Finding good and affordable accommodations was easier for my dad back in the 60’s and 70’s. When I was a kid we always stayed at a hotel called the Cosmopolitan. It was right downtown and clean and inexpensive. The last time I stayed there was in 2001 on a trip I took with my two young boys, Jesse and Eli, and their cousin Trevor to see a ballgame which turned out to be a part of one of the most historical nights in all of baseball.
The game was a make-up for a game between the Mariners and Rangers that had been scheduled for Sept. 15th. Because of 9/11 our tickets were made good on Oct.5, the day that the Mariners would win their 116th game of the year, tying the 1906 Cubs for the most wins in a season. The game was perfect with Jamie Moyer on the mound and John Ohlerud and Brett Boone hitting homers. The record and the homers would have been enough but the night was made even more magical because the Giants-Angels game was broadcast on all the big screens each time Barry Bonds came to bat because he had recently tied Mark McGuire”s record of 70 home runs in a season.
Every pitch he took was a chance to see history and sure enough he hit his 71st that night and then upped the record by hitting his 72nd later in the game. As we left the stadium, the game was still going on in San Fran. After we finally made our way through the throngs and rode the bus downtown and then walked to the Cosmopolitan, I turned on the T.V. and the game was still on. It never went into extra innings but at 4 hours and 23 minutes it set the National League record for the longest 9-inning game. That made 4 records tied or broken in one night.
It was a historical night on a personal level because that was the last time I ever slept at the Cosmopolitan. It had gone to seed and was no longer fit for a family.I had pretty well given up on it a few years before when I took Elaine and she gave it her permanent seal of disapproval. But I gave it one more try for old time sake because it was just us guys. After that I was done with the old Cosmo after a lifetime of memories.
Through the years we have stayed at many great hotels throughout Seattle including the Roosevelt, the Mayflower, Silver Cloud, Red Lion, Embassy Suites, the Sorrento and others I can’t recall. The Westin, however, is one that no one could forget. The kids were little and so we were able to fit all six of us into one room which was 41 glorious stories up. It had a view and a location that only lots of money could buy, but back then it was worth it to give the kids something they will always remember.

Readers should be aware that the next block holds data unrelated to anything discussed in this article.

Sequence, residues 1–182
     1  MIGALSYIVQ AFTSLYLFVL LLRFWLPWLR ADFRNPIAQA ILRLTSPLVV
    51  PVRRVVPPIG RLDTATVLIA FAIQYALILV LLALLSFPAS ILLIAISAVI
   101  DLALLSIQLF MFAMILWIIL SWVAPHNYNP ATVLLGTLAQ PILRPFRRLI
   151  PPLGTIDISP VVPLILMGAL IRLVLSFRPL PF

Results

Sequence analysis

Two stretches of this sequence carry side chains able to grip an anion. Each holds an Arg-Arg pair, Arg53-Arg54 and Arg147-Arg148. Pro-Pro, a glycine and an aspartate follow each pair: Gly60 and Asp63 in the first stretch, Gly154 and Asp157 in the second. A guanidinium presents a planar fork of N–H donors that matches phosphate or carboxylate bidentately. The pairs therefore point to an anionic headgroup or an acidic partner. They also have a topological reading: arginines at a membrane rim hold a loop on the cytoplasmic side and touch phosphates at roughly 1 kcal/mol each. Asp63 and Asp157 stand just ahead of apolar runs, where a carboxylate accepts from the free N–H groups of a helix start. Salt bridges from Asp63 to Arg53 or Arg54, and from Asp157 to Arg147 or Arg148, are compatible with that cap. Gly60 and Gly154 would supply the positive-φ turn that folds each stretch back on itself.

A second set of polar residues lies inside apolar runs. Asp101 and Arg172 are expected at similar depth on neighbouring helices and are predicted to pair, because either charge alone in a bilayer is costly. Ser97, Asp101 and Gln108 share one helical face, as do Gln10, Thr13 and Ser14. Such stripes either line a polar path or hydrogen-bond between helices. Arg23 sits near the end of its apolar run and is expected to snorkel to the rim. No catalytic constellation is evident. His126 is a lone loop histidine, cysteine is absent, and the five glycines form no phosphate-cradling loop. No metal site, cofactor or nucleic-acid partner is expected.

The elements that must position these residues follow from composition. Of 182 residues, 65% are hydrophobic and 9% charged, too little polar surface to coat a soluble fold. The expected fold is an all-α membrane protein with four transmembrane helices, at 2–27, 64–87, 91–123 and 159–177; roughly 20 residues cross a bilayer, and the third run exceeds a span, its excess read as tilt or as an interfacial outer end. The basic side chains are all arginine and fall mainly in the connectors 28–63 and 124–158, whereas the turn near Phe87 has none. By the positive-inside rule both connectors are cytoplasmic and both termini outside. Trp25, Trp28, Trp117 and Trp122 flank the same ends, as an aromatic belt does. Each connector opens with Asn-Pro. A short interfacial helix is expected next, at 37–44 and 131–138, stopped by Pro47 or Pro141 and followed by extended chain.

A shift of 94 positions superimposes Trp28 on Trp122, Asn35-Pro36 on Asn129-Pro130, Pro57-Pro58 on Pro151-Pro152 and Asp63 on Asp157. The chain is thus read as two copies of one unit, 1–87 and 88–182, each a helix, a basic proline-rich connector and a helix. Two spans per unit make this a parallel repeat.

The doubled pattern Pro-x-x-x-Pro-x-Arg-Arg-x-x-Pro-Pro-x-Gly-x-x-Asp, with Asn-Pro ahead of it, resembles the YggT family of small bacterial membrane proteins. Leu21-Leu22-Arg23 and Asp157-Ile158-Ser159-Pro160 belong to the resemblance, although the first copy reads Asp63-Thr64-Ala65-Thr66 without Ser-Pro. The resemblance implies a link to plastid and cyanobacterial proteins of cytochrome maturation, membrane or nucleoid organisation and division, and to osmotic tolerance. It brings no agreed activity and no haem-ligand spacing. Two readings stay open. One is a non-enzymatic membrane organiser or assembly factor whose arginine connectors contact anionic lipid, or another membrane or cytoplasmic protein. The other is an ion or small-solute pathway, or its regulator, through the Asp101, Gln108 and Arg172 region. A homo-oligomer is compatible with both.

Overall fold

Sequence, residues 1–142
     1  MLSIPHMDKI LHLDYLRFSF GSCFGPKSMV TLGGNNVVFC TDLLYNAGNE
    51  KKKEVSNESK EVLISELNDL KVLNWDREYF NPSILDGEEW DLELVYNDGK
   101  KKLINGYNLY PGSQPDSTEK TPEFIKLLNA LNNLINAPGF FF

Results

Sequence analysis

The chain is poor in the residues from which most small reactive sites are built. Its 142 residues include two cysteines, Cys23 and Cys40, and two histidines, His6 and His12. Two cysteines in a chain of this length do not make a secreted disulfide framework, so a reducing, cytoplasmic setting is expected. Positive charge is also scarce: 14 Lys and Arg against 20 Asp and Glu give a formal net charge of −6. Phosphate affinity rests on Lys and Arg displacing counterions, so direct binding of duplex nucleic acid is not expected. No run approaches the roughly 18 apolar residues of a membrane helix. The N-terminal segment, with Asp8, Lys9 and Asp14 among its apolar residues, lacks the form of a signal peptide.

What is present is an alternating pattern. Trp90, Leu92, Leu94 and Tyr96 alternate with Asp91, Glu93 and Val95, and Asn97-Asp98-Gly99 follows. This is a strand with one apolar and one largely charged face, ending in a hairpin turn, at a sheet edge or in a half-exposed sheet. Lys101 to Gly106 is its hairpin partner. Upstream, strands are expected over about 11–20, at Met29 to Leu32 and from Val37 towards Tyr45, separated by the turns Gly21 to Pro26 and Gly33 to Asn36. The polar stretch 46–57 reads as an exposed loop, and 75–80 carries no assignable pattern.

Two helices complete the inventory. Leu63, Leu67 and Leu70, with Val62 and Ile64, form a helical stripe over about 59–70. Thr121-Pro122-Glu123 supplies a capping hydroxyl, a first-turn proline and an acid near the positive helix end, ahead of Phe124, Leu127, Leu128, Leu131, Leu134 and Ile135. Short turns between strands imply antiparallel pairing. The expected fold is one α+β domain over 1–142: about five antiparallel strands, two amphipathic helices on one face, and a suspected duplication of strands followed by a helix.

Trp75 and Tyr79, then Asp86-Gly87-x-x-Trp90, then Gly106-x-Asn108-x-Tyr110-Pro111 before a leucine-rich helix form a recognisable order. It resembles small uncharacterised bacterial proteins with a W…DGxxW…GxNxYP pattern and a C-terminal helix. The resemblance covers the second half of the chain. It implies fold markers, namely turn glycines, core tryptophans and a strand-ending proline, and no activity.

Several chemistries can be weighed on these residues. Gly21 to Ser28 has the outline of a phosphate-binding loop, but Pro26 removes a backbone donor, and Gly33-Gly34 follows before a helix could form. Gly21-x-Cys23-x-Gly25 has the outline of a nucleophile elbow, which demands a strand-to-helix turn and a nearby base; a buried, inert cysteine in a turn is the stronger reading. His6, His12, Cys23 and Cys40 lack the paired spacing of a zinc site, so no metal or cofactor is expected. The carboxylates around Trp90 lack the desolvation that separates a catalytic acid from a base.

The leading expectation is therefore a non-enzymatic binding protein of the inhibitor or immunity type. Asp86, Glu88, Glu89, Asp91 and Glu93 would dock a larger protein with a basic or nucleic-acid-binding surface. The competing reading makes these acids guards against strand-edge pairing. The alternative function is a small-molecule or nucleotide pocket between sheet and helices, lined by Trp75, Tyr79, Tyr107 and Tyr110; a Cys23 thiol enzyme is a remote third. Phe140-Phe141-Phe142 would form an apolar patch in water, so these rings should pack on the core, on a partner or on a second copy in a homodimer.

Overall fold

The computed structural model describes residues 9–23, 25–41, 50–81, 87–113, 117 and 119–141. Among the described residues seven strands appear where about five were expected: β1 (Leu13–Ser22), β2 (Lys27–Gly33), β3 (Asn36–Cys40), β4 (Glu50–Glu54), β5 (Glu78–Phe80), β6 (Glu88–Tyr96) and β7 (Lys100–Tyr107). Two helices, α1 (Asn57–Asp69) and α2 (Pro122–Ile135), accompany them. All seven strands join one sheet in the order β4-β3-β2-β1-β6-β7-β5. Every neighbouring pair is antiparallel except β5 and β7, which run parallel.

Those flush days are long gone but the desire to create a few more memories before Crystal , our third child, goes off to college is as strong as ever. When she asked if she and Jacque, our youngest, and their cousin Natalie, Trevor’s little sister, could go on a road trip to Seattle by themselves I said no way. Then it dawned on me that they deserved a trip to Seattle with dear old dad. After all, The Mariners and all of Seattle had just celebrated the 10th anniversary of the year the team won 116 games, why shouldn’t I by going on a trip with the younger sisters of the three boys who shared history with me?
So they hit the internet and searched Expedia and Travelocity and Hotwire, trying to find a room we could afford in these tough times. They could find nothing under $180 and that was really hard to swallow and so I nosed around a bit. I had to check up on the Cosmo, now called Kings Inn, in the faint hope that it might have been updated. No such luck. One patron’s review said he had to clean the soles of his shoes after staying there because the carpet was so dirty. And that was the most favorable of the reviews. I knew that would not do for the girls.
Then I remembered a hotel that I had never stayed in but had always seen right there a block away from the old Cosmo and just to the east of the Westin. Given the gift of Google, I quickly discovered that it was called the 6th Avenue Inn. The worst customer review on it was that it had slow internet and was a bit old. But most gushed about the great location and great price which turned out to be just $131 with a AAA discount.
There it was waiting for me to find after all these years. It was just the ticket for me and the girls on this last trip. Our room didn’t have the view of the Westin but at $250 cheaper it was a steal considering it had just as good of a location. I’ll be back next year and that is where we will stay, be it a quick romantic getaway or an adventure with what is left of the family. I now know that I have to go because all of this reminiscing has reminded me that Seattle and I have another benchmark year to celebrate together in 2012. Next year will mark the 50th anniversary of the World’s Fair and the first of a lifetime of memorable getaways to the Emerald city for me.